Giving Thanks With More Than Words

By | October 16, 2017

Originally published as a column on CFJC Today Kamloops and Armchair Mayor News on Monday, October 9, 2017. 

One of the simplest and profound joys of every day is stepping outside in early morning to hike with my dog. I will call it overwhelming gratefulness because that is the best way to describe how perfect a dusty trail that separates meadows of dry, yellow grasses, climbs into a sky so blue it defies the very definition of the colour blue itself. It makes gratefulness for the smallest things even more of a daily concept I should heed before I do anything else.

During the times the park and all city parks for that matter were closed due to the increased fire danger, I missed heading out on the trails more than I expected I will. More than not being able to take the dog out to the closest-to-us off-leash area, was the loss of blue skies and clean air and the reality of having to wake up to another day of inhaling deleterious particles small enough to wreak havoc in the body, short- and long-term.

I remember the first day of smoky air when all I could think of was ‘this is a lot of campfire smoke’. It felt silly that my brain would attempt to reduce the gravity of the situation by bringing up an association to what is, for the most part, a fun and sweetly sentimental detail of life.

After a few days though, and then many weeks of milky-white air, my brain made the appropriate switch to match the reality of what was actually happening. Bad air meant a lot of health trouble and that was something that made me even more grateful for every day in between that came with clear skies. Like they say, you don’t know how good you have it until it’s gone. It was like that, and not just for me. I met and chatted with many people who had a whole lot of appreciation for clean air and were missing it a lot.

Then, though the fires were still not fully extinguished, smoke went away and summer came back with warmth and lovely sky, and everyone felt alive and happy again. The wildfire smoke of 2017 was quickly becoming a bad memory at best. The air turned chilly and crisp a couple of weeks later, and though summer had been shortened, I found myself looking forward to fall and its beautiful colours, and to winter with all its magic.

On a particularly lovely though crisp night while wrapped in a warm wool blanket and sipping a cup of tea on the porch with my husband, there came a smell that made me cringe. Smoke! Someone in the neighbourhood had lit a fire in their fireplace, and the fresh air became tainted with the smell and the particles wood smoke brings about. I was surprised to realize how much I disliked it after the summer we had.  The same smell returned the nights after. A fixture of the cold season, though unnecessary and unhealthy.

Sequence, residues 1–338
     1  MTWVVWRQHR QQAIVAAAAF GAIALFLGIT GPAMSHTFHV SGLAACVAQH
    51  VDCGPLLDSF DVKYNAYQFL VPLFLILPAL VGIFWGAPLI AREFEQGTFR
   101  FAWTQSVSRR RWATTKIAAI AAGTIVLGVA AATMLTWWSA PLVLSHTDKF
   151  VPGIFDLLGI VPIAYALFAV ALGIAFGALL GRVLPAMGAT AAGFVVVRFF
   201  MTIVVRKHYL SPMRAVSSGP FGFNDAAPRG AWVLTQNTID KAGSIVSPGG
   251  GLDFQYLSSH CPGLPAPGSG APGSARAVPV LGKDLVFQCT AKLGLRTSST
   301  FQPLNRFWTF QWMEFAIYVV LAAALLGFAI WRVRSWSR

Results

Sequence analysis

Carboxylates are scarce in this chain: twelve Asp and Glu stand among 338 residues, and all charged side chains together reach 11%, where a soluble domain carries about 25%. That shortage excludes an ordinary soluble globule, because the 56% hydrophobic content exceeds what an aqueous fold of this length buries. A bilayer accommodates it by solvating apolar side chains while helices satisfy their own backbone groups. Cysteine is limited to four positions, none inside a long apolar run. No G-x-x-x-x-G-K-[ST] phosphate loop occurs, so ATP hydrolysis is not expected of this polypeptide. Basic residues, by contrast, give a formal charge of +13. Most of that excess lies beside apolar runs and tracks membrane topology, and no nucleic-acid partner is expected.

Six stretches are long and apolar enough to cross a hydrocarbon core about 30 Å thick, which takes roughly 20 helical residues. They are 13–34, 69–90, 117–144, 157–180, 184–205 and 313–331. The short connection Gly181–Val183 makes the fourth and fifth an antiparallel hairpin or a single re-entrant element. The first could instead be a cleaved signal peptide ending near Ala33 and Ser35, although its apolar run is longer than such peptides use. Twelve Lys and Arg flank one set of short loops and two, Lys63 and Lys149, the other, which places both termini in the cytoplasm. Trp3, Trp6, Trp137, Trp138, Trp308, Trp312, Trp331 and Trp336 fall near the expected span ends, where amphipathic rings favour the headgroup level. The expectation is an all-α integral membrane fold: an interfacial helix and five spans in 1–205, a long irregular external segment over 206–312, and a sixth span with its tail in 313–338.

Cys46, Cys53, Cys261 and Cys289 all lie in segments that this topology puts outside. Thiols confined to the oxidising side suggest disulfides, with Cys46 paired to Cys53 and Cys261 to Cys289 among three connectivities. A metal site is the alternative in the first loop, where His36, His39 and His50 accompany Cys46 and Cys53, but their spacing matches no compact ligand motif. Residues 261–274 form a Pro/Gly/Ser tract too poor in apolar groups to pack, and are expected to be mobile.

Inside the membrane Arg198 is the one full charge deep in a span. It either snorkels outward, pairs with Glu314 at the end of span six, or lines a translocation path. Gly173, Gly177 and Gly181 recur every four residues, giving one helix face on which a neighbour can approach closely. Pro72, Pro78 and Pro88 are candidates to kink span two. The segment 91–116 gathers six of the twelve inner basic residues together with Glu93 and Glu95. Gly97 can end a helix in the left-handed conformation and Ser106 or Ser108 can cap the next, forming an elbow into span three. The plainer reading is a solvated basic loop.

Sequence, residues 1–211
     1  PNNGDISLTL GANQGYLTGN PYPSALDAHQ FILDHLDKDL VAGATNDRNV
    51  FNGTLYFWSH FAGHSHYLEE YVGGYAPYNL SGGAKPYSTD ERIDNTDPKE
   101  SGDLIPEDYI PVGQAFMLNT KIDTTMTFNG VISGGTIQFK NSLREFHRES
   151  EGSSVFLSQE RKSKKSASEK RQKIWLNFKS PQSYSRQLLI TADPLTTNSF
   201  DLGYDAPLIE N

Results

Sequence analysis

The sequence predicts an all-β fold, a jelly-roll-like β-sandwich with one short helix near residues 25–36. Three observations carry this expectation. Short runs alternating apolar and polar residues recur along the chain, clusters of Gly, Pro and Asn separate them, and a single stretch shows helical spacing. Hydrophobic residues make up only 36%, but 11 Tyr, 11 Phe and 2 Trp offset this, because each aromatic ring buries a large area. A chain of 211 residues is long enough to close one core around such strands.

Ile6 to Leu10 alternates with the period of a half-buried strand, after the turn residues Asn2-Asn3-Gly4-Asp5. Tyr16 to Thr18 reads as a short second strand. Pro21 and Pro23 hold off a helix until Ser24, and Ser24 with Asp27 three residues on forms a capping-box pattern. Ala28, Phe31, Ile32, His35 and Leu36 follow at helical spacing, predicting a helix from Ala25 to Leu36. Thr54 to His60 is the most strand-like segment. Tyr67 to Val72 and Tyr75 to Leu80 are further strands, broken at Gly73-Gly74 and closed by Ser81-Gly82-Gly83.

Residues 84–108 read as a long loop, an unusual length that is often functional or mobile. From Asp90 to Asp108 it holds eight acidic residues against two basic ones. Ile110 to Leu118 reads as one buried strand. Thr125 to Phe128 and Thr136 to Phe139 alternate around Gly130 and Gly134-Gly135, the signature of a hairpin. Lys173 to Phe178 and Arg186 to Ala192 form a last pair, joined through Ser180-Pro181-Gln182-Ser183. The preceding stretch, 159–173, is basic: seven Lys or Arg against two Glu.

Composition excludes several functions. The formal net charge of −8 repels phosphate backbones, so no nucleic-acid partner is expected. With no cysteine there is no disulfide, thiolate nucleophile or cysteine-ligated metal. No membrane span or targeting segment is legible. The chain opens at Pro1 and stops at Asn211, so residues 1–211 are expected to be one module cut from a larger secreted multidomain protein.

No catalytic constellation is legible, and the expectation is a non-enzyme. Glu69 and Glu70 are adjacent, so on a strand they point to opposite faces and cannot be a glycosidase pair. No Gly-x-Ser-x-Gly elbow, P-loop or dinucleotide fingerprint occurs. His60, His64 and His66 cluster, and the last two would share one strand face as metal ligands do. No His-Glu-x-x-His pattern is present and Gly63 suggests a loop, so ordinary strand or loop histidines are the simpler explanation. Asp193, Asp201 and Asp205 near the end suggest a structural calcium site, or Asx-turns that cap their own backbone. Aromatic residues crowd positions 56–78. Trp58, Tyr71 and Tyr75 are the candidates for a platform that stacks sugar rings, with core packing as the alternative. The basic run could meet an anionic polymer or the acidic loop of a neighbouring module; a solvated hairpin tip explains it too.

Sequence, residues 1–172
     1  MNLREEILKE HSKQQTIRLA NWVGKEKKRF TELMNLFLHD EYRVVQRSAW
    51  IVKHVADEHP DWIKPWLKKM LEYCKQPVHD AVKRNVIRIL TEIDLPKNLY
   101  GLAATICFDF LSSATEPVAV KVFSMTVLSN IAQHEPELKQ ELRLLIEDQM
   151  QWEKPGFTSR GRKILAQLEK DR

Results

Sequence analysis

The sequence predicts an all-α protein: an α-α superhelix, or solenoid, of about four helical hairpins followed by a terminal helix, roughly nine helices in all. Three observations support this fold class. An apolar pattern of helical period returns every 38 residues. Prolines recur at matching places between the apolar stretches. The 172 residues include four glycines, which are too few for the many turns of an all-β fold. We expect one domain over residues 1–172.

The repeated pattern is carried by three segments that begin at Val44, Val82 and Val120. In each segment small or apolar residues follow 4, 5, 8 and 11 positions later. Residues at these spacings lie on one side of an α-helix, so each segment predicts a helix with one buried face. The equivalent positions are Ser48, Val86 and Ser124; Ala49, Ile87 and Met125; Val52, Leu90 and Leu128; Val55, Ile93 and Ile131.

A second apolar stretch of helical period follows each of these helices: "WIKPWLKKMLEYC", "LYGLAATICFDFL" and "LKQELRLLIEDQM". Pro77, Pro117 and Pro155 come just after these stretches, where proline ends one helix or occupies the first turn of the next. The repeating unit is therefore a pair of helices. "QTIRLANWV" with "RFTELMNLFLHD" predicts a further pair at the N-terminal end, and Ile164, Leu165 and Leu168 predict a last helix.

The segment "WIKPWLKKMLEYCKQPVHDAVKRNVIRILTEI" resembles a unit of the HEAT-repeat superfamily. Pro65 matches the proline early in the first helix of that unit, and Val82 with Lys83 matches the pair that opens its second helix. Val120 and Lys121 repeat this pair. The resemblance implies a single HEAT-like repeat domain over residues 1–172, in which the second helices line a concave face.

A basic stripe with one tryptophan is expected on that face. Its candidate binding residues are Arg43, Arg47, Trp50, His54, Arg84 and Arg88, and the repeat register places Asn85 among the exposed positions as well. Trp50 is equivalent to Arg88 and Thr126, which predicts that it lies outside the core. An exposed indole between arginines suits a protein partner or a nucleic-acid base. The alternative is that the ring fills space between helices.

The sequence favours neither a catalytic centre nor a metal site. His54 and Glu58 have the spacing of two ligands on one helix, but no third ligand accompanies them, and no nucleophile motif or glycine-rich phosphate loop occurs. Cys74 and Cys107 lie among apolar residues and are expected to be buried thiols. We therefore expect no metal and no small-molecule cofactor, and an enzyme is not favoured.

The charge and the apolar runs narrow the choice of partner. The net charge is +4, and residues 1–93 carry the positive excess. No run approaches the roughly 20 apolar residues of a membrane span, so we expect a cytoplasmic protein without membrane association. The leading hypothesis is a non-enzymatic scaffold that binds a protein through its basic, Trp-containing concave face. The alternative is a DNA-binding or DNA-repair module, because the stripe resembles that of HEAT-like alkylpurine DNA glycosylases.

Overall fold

During our Thursday morning hike, I noticed a column of thick grey smoke rising fast from somewhere in the downtown area. An eastward-draping cloud was slowly forming while firetruck sirens blared loudly, piercing the sunny morning. A few minutes later, they were replaced by the usual buzz and the column of smoke disappeared; so did the smell. The only thing persisting long after the commotion ended, was the cloud of smoke that had formed earlier. It was there still when I headed back home, reinforcing, quietly, yet in a most powerful way, that smoky air is not quickly moved out of the way where we live. My thoughts went back to the nights of fireplace smoke, which though not visible, is equally bad, and the thick summer smoke, which gave a new meaning to air pollution. My only conclusion was that it is too easy to forget how painful the lack of clean air was during those long smoky weeks.

I was reminded that we cannot afford to take clean air for granted. We have come to acquire enough knowledge of what pollution brings about, health-wise, and most of us agree that nothing comes close to the simple yet amazing gift of taking a breath of fresh air on any given day. Much of the particulate matter that wood smoke contains is small enough to penetrate cells and create a whole range of health problems, from greatly increasing cancer and stroke risk, to aggravating asthma and other chronic respiratory conditions, to affecting unborn babies and the developing brains of growing children.

There is so much at risk when the air we breathe is polluted. Granted, sometimes there is not much we can do to protect ourselves other than stay inside and run air purifiers during the times when wildfires are raging. But once the air gets clean, we must find better ways when we have a choice such as lighting a woodfire when cleaner ways to find cozy comfort are available. That applies to the other cold weather pesky thing, which is making its way back with the season: idling our cars for a long time before driving away, or to keep warm in the parking lot.

We have much to show our thankfulness for, more so when throwing even a furtive gaze over the many sad news stories from around the world. From the simplest things to the big ones, from the most obvious ones to the ones not immediately visible or easily forgettable, to have a say in the quality of the air we breathe, or the water we drink and or the food we eat, that is a big reason to be grateful for when we have it.

For now we do, and for that I am grateful. As I am for today’s blue sky and its dollopy clouds, for the rain last night and the fresh air it brought about, and for all the things I realize I have as soon as I open my eyes, starting with the wonderful world we live in, my family, the many wonderful people I have met along the journey, the freedom to express my thoughts and you, the readers.

Happy Thanksgiving!

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